“He was saying if I buy into this idea [of giving information], they will take care of me,” says Segodi – he believes this was an offer of money. Segodi did not take him up on the offer – instead he reported it to his organisation. Since then, Segodi agrees with Bhayiza that there have been several other attempts to recruit TCC leaders as informers – though it is not always clear which intelligence structures were involved.
Bhayiza’s second encounter
Just before this handbook was printed, Bhayiza reported that a Crime Intelligence official had tried to recruit him once again – in December 2014.
A man called, saying he was from “Gauteng Intelligence”, to request a meeting at a nearby mall; they met at Steers. “He took out a recorder like is normally used by researchers, so he was recording the conversation,” remembers Bhayiza.
“He went direct to the point to say that he was informed that I was [approached to be] recruited and I declined. He said there are a lot of benefits and I should take the job.”
The Crime Intelligence official apologised to Bhayiza about the incidents surrounding his arrest in 2011 and promised that it would not happen again if Bhayiza became an informer.
Compared to the 2005 encounter, Bhayiza remembers that the official was even more upfront about wanting information about lawful political activism. “He wanted to know anything that deals with politics, about the protests, the service delivery protests that are normally happening in Thembelihle,” says Bhayiza. “He wanted any information concerning political activism that is in the area.”
Though Bhayiza turned down the offer – again, involving large amounts of money – he says he was not angry or concerned about the experience. After everything that he has experienced, “It comes in this ear and went through the other ear. I don’t consider these people as seriously as I might.”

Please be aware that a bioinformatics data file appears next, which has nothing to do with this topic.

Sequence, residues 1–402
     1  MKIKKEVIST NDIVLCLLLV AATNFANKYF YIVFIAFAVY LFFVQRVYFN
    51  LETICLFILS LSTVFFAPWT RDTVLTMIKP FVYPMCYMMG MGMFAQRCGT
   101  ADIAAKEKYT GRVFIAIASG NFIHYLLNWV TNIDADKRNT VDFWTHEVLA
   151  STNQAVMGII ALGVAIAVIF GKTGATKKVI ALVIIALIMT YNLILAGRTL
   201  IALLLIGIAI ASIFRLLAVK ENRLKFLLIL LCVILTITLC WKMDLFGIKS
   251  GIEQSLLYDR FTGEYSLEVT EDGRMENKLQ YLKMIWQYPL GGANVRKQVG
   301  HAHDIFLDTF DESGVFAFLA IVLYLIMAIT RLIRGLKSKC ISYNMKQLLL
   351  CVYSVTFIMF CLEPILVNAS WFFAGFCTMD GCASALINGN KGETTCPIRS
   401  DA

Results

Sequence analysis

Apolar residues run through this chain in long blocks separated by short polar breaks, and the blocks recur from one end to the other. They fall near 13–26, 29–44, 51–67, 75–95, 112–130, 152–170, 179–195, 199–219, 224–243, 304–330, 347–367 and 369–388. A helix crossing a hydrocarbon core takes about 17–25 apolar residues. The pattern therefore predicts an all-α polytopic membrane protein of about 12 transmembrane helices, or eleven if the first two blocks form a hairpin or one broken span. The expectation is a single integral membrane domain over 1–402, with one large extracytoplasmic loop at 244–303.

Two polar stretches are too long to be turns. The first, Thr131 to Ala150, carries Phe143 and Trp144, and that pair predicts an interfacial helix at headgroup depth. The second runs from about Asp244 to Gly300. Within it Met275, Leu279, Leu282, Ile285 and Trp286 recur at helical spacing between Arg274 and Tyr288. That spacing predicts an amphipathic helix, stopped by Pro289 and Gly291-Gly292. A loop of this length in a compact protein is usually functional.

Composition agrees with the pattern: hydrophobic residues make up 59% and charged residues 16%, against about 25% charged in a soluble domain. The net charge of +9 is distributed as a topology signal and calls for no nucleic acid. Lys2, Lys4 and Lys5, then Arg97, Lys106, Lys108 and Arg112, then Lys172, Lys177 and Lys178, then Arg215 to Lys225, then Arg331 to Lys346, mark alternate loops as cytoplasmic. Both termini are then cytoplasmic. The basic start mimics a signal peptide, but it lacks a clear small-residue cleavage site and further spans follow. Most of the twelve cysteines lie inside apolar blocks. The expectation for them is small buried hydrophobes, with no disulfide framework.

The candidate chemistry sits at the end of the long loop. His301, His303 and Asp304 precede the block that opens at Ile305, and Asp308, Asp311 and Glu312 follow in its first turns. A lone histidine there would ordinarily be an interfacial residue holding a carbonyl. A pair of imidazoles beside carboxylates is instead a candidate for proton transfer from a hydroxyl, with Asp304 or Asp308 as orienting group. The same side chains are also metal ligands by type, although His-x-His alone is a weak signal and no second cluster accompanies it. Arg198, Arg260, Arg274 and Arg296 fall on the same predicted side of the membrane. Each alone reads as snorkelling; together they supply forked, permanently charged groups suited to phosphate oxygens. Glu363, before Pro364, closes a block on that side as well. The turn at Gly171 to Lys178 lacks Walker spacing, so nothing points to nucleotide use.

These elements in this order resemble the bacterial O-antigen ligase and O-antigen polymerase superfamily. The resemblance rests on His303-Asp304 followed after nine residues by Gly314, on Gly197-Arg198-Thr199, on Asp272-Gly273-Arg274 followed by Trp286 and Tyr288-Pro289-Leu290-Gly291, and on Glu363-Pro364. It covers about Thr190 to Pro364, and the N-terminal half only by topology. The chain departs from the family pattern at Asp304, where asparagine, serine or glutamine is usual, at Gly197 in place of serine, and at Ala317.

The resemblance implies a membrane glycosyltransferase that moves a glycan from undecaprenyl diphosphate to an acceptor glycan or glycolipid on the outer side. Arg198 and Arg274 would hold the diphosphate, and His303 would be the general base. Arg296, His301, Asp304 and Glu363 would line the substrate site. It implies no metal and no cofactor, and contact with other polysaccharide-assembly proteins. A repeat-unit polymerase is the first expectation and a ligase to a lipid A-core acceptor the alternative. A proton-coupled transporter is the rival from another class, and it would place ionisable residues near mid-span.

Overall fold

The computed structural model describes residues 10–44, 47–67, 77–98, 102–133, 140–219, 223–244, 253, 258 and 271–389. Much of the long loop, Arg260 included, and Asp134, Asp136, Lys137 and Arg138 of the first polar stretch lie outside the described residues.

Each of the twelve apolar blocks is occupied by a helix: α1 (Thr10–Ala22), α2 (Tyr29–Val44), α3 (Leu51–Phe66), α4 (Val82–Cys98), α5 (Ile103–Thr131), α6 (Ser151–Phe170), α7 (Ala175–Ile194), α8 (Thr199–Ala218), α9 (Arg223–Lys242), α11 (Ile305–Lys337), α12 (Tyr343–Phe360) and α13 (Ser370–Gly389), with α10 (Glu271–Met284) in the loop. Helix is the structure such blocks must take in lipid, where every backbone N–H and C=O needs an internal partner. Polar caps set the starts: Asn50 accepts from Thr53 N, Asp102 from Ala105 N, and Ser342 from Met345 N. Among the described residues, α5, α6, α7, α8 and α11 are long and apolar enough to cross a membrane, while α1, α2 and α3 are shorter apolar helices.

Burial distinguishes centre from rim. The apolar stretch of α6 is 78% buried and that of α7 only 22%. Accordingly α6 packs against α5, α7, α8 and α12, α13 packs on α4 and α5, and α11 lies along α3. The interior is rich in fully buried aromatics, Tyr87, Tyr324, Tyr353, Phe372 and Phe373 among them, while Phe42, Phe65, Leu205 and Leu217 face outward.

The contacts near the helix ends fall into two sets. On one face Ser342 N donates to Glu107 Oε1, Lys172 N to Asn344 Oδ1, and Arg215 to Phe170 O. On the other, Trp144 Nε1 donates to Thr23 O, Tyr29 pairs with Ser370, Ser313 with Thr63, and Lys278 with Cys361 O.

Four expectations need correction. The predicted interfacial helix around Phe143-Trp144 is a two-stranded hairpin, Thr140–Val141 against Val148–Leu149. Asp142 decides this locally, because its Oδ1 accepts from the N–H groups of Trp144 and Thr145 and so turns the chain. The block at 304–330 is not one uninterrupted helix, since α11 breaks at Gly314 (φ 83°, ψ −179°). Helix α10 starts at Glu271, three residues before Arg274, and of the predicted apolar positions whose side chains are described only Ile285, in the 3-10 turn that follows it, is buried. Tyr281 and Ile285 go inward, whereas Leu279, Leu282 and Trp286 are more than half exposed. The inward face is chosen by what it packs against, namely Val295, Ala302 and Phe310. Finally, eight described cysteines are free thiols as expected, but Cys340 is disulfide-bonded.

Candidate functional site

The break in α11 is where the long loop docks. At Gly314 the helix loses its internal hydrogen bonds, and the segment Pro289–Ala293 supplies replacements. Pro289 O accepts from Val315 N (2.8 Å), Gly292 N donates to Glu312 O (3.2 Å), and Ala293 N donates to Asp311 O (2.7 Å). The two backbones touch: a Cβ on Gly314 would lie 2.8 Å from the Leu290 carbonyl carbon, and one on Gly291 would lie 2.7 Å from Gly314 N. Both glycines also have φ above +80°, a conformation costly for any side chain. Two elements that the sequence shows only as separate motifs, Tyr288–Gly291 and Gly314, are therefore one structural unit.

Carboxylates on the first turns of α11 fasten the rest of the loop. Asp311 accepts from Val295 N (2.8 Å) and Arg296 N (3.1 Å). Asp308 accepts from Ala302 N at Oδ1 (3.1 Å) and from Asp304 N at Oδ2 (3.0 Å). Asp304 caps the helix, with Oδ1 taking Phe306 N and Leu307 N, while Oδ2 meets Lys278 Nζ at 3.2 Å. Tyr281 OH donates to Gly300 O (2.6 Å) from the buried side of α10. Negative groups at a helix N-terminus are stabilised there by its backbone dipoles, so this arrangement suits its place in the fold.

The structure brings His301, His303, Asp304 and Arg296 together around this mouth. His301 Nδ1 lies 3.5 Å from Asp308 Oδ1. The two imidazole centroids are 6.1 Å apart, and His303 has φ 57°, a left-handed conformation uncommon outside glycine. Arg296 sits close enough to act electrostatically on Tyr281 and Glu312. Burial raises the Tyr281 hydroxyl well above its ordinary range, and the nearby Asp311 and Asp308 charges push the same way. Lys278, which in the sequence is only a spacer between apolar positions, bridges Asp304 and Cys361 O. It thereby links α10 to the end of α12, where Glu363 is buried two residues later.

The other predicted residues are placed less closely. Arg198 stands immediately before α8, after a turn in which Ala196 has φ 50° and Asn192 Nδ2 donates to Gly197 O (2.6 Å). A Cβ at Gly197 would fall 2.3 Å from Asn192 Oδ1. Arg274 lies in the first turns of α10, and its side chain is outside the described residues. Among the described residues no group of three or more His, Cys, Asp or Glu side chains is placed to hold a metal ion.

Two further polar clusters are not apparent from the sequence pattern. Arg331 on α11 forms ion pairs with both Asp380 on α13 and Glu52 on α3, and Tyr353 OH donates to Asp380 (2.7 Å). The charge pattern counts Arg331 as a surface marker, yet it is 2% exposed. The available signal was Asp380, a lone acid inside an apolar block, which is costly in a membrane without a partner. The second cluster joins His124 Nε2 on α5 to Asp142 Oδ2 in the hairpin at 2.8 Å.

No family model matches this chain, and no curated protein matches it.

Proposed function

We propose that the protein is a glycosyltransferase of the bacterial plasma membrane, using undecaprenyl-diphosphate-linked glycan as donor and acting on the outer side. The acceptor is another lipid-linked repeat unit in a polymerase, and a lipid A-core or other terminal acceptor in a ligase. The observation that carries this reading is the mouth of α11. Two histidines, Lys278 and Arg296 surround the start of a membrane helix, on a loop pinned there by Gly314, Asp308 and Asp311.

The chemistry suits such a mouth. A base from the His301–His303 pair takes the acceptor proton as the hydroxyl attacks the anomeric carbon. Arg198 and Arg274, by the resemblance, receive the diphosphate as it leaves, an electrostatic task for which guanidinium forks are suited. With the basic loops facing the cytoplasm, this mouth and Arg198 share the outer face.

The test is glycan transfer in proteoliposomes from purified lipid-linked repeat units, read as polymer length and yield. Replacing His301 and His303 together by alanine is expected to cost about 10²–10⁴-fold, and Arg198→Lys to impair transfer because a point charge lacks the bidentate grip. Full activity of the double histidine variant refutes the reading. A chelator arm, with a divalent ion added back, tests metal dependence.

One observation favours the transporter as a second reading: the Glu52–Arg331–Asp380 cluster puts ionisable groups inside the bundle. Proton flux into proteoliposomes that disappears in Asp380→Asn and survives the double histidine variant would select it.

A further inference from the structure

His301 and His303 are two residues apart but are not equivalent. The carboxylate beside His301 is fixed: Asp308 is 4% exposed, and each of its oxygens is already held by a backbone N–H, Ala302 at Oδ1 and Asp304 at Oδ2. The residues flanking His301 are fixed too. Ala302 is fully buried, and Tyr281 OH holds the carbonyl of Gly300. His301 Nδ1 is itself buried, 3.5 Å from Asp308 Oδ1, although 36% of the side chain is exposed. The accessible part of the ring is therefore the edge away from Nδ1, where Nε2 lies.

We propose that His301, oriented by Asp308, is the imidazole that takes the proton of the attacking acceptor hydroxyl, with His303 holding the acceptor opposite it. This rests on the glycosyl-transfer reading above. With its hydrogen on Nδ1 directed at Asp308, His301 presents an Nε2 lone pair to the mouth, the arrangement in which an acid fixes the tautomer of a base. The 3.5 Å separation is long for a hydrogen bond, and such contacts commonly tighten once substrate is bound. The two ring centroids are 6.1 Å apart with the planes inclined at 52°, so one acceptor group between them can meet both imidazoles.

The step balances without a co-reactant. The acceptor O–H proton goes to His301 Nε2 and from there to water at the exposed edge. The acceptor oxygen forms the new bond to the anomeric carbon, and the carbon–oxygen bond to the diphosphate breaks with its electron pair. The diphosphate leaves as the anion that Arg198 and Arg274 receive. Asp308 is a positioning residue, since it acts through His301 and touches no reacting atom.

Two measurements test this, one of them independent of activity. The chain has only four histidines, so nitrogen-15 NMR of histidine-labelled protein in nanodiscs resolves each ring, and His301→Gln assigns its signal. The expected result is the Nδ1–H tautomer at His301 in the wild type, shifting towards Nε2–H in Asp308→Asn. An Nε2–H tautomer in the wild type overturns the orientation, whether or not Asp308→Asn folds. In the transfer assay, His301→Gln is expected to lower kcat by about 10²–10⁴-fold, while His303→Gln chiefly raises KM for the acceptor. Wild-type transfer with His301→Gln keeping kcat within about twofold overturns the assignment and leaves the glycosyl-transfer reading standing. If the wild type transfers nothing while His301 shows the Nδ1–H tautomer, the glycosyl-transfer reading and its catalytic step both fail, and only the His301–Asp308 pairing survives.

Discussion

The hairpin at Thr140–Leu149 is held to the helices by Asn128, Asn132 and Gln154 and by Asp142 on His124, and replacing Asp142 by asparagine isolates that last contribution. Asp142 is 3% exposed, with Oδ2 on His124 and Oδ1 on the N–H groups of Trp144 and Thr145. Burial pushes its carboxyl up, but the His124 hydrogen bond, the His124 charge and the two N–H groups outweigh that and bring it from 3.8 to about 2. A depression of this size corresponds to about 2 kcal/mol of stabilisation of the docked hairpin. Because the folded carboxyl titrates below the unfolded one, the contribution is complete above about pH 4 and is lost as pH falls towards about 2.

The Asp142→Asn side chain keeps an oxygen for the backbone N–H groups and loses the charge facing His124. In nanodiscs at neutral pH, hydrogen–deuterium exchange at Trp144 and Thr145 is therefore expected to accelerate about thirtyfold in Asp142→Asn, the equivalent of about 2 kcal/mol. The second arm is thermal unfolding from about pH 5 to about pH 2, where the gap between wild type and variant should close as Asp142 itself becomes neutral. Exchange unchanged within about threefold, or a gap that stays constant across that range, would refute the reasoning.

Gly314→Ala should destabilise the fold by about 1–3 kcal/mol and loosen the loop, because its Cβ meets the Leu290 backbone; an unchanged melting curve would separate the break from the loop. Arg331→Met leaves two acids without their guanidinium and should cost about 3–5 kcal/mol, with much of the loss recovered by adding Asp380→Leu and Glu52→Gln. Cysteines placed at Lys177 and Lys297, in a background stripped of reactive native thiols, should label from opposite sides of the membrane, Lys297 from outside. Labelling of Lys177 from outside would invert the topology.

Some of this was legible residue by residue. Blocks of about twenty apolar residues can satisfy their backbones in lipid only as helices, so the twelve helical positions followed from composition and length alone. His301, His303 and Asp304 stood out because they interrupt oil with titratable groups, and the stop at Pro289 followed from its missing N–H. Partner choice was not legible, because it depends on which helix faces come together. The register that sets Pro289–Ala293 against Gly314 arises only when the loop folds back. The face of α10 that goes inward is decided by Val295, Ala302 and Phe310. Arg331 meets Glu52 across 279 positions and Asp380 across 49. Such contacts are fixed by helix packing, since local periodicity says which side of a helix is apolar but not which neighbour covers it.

Use of local information networks
Though Bhayiza may have turned down these requests, it is clear that police are getting information from somewhere. Some months ago, Bhayiza reported getting a call from a local police official who he says is sympathetic to his organisation.
“He told me, ‘We have heard you are having a protest tomorrow,’” recalls Bhayiza. “It was not a protest; it was a meeting with the MEC for housing. So I said, ‘Where did you get that information?’ And he told me, ‘I got that information from the intelligence.’”
The call ended with a warning: “He said, ‘Bhayiza, whatever you are doing tomorrow, be careful.’”
So where are intelligence structures getting this (sometimes wrong) information?
Bhayiza reports that TCC leaders have long believed that Crime Intelligence uses local ANC members to report on TCC’s activities. “They [Crime Intelligence] could see that they could not get into us as comrades – they are now using ANC members… They normally come to our mass meetings with a recorder – you know, a phone – and they record.”
This suspicion was underscored when police charged Bhayiza in the aftermath of Thembelihle’s September 2011 protest – he discovered that the police statement included information from two local ANC members.
The use of local informers could explain why TCC members are finding that SAPS appears to have prior knowledge of TCC’s meetings, even when they haven’t been publicly announced.
TAKE AWAY QUESTIONS
• Why are intelligence officials viewing the expression of community grievances as crimes and threats to public safety and “national security”?
• How common is it for intelligence officials to recruit community informers, and for what purpose?
• Such actions create division and sow mistrust within communities and organisations – is this intentional?